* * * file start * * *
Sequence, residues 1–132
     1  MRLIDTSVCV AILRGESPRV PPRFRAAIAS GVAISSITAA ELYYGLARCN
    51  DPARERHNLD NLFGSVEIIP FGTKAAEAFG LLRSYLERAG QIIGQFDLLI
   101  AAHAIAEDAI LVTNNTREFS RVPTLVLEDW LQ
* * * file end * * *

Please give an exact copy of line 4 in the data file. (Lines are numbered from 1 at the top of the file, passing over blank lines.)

   101  AAHAIAEDAI LVTNNTREFS RVPTLVLEDW LQ